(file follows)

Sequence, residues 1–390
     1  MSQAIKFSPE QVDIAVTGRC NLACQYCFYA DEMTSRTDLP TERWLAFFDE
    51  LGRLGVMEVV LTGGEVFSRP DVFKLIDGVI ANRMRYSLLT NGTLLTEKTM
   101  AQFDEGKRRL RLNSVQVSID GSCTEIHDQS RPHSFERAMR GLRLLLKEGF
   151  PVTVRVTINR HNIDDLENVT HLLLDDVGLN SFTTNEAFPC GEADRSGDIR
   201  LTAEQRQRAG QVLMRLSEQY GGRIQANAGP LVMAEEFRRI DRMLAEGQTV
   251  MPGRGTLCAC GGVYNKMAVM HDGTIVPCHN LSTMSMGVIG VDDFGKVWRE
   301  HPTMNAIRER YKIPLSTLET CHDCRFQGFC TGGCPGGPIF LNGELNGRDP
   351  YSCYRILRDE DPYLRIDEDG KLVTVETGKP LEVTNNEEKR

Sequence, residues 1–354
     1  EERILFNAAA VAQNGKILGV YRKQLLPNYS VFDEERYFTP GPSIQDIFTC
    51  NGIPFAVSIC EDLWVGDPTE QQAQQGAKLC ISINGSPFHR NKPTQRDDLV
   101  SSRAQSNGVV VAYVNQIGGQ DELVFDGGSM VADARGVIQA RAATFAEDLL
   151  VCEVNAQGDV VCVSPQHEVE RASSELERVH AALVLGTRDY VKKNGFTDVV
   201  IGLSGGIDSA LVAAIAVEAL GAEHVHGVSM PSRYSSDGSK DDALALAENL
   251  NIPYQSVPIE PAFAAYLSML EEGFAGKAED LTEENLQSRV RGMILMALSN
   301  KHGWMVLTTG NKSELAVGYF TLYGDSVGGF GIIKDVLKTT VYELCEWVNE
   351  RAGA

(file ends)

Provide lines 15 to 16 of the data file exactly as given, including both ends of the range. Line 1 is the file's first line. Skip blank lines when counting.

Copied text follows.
   201  IGLSGGIDSA LVAAIAVEAL GAEHVHGVSM PSRYSSDGSK DDALALAENL
   251  NIPYQSVPIE PAFAAYLSML EEGFAGKAED LTEENLQSRV RGMILMALSN